Broadcasting career[edit]

Waddle in 2012.

Television[edit]

After retiring from football, Waddle began working on WFLD FOX 32 as the host of weekend football-oriented programs. Waddle covered previews and post-game shows for Bears games. During this time, he also began to work as a weekend and fill-in sports anchor. He later worked with Corey McPherrin to host and the Chicago Bears Gameday Live, Fox Kickoff Sunday and The Final Word.[9]

Waddle's joined WLS ABC 7 in August 2013 after his contract expired with WFLD.[1] Waddle is a regular contributor on the station's morning show, and continues to provide analysis on Bears-themed programming.[9]

Waddle also began working with the NFL Network in Los Angeles as a gameday analyst in 2007.[10] In 2013, he began working as a guest analyst for Colin Cowherd's "Colin's New Football Show.[11]

Radio[edit]

In 1997, Waddle began co-hosting Sports Central with David Kaplan weeknights. This partnership ended in 2007 with his move to WMVP ESPN Radio 1000.[9]

Waddle was paired with Marc "Silvy" Silverman and their show was expanded to four hours to include weekly an in-studio one hour segments with WLS-TV sports anchor Mark Giangreco. During football season, Waddle and Silverman host "The Jay Cutler Show" on Mondays or Tuesdays following each Bears' game.[12]

On several occasions in 2008 and 2009, Waddle appeared as a fill-in host, alongside Mike Greenberg, on Mike and Mike in the Morning on ESPN Radio. He and Silverman have also hosted The Scott Van Pelt Show.[9]

Other media[edit]

Waddle appears weekly during the football season on Pro Football Weekly. He writes a weekly article about the Bears for the Northwest Herald of McHenry County, Illinois.[13]

He is also a color commentating during CSN Chicago broadcasts of NIU Huskies Football and for a limited number of Chicago Rush games aired on the NFL Network.[14]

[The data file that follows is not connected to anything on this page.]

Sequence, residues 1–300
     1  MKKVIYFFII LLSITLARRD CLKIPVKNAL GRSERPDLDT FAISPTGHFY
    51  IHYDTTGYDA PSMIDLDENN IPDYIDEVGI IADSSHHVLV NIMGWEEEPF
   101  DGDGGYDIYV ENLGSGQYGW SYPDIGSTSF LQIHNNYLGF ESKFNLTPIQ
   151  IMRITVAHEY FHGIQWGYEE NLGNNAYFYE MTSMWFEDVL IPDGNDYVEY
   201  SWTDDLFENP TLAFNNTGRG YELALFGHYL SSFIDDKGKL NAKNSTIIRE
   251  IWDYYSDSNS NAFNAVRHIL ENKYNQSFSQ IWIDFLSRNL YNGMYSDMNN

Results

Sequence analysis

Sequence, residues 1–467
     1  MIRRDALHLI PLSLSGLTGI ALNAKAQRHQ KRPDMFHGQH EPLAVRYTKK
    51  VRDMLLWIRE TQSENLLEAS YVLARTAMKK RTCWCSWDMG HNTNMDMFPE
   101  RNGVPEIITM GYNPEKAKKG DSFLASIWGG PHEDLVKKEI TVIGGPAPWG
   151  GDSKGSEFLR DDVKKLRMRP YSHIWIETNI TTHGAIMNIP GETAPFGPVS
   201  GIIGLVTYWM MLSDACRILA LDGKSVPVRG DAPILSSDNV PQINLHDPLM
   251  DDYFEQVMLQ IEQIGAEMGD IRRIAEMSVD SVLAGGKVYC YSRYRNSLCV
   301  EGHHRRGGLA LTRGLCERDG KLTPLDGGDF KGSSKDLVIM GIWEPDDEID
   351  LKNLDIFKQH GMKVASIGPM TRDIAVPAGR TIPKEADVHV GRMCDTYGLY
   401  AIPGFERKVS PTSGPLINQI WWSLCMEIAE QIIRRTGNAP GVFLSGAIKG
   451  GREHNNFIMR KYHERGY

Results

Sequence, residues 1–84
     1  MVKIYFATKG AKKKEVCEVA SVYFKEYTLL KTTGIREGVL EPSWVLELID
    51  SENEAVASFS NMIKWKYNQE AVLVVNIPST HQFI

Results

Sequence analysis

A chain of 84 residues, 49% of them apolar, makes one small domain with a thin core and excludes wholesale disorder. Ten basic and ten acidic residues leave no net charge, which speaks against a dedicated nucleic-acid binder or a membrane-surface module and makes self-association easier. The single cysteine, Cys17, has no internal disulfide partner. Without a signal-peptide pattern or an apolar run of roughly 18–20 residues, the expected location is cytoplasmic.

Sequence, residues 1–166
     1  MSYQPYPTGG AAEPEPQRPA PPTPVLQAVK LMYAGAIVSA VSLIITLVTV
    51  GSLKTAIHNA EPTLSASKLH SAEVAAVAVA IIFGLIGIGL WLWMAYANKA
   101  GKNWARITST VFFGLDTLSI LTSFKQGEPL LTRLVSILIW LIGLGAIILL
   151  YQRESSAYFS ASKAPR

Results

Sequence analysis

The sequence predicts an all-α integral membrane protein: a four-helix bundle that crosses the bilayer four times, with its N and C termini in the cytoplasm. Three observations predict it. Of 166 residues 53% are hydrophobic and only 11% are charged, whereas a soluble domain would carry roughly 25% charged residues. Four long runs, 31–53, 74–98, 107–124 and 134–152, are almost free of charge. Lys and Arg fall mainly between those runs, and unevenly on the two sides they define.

Personal life[edit]

Tom lives in Lake Forest with his wife, Cara and 4 daughters. Tom's wife Cara is the daughter of former Boston Patriots running back and AFL Hall of Famer Gino Cappelletti. His oldest daughter Georgia is a member of the Northwestern Wildcats soccer team.[15]

References[edit]

  1. ^ a b "Tom Waddle Joins WLS-TV". Retrieved 26 January 2014. 
  2. ^ "Tom Waddle '89". Retrieved 30 August 2012. 
  3. ^ http://www.pro-football-reference.com/players/W/WaddTo00/gamelog//
  4. ^ a b "ITB: Waddle's record day". Chicago Bears. 2013-10-15. Retrieved 2013-11-05. 
  5. ^ http://www.pro-football-reference.com/players/W/WaddTo00/gamelog//#stats_playoffs
  6. ^ "1993 Bears season statistics". Pro-football reference.com. Retrieved 2013-01-15. 
  7. ^ a b "Tom Waddle, Bears WR 1989–1994". 
  8. ^ http://www.bearshistory.com/lore/tomwaddle.aspx
  9. ^ a b c d "Tom Waddle Joins WLS-TV As NFL Analyst". Chicagoland Radio and Media. 2013-08-13. Retrieved 2015-02-28. 
  10. ^ Goldsborough, Bob (2013-07-15). "Retired Bear Tom Waddle lists Lake Forest home for nearly $4M". Chicago Tribune. Retrieved 2015-02-28. 
  11. ^ Chozet, Tara (2014-09-02). "Colin’s Football Show Opens Second Season with New Theme and Fresh Segments". ESPN. Retrieved 2015-02-28. 
  12. ^ "ESPN 1000 Announces New 'Jay Cutler Show'". Chicagoland Radio and Media. Retrieved 2013-01-15. 
  13. ^ "Waddle: Bears should prevail, but it won’t be easy". Northwest Herald. 2010-09-09. Retrieved 2015-02-28. Tom Waddle appears from 9 a.m. to 1 p.m. Mondays through Fridays on the “Waddle and Silvy Show” on WMVP AM-1000. He writes a weekly column on the Bears for the Northwest Herald. 
  14. ^ "NIU FOOTBALL TEAM HEARS FROM NFL HALL-OF-FAMER RONNIE LOTT". Northern Illinois University. 2006-09-14. Retrieved 2015-02-28. Saturday's game will be carried on The Score and the remainder of the Huskie Radio Network, and will be televised by Comcast SportsNet with Dave Kaplan and Tom Waddle providing the play-by-play and color analysis, respectively. 
  15. ^ http://www.nusports.com/sports/w-soccer/mtt/waddle_georgia00.html

External links[edit]